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So I do remember having problems as a child always having to blow into games. Now I know this obviously made the problems worse. As an adult i never do this and I clean every game i get before it goes in there. On the rare occasion my nes glitches at startup that game is immediately cleaned and it works. Also I play my nes alot. I live in Wisconsin and it can get very humid. I think corosion never realy takes hold for me just from frequency of use... I believe I actually have more issues with my snes or genesis than my nes, just because they are used less frequently used. So I'm now thinking that yes there may be some issues with the design but I do think they are highly overblown. I think that most issues actually stem from blowing into cartridges and never cleaning than any real design issue.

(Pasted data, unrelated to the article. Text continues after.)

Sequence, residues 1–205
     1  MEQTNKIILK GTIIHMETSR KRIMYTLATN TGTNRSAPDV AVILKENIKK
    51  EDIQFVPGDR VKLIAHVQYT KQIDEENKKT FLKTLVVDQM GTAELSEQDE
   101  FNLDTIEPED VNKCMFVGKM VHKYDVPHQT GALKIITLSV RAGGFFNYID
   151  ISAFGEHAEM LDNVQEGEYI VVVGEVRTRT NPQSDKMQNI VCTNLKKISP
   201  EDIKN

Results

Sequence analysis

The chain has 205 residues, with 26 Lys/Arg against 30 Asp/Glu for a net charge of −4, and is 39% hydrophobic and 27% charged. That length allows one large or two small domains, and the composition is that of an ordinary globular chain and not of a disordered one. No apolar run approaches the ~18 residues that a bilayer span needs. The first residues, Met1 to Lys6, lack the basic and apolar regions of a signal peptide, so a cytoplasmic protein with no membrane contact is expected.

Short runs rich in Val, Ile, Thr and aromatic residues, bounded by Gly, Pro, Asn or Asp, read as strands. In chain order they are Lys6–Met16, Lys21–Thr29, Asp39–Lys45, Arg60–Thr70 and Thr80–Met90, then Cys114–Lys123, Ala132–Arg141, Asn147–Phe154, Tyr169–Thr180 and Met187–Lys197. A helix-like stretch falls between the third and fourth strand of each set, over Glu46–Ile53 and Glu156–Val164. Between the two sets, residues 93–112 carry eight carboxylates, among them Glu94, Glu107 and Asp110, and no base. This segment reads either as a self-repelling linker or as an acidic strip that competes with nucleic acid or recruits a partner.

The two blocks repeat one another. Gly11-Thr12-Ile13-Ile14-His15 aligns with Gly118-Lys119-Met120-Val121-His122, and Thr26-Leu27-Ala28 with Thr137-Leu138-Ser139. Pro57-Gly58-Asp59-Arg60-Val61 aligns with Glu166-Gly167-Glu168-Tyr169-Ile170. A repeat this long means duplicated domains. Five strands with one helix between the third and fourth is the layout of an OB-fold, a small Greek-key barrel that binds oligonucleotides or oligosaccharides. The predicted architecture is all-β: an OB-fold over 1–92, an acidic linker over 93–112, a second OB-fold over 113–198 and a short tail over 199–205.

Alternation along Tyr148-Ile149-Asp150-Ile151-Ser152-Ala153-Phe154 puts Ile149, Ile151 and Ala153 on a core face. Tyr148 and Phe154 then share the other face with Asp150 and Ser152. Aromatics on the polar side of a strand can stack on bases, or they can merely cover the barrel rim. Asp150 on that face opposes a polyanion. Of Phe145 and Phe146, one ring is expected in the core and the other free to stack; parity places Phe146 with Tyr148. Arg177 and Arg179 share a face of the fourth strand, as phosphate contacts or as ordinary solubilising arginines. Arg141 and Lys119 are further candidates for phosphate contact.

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Most of my friend got their NES in 87/88 and every one of them had that blinking light problem by 90/91.

 

It was then that we heard through word of mouth that by wiggling the cart around, blowing the dust out, or just slipping it in far enough to click down would help alleviate the issues.

 

Nobody blew in their cartridges before then, but the systems (rather pin connectors) STILL crapped out.

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I don't think it helped that back then you had carts swapping between so many different systems. So even if your system was clean at one point, it was going to get dirty as hell when you borrowed carts from friends or rented them from the video store.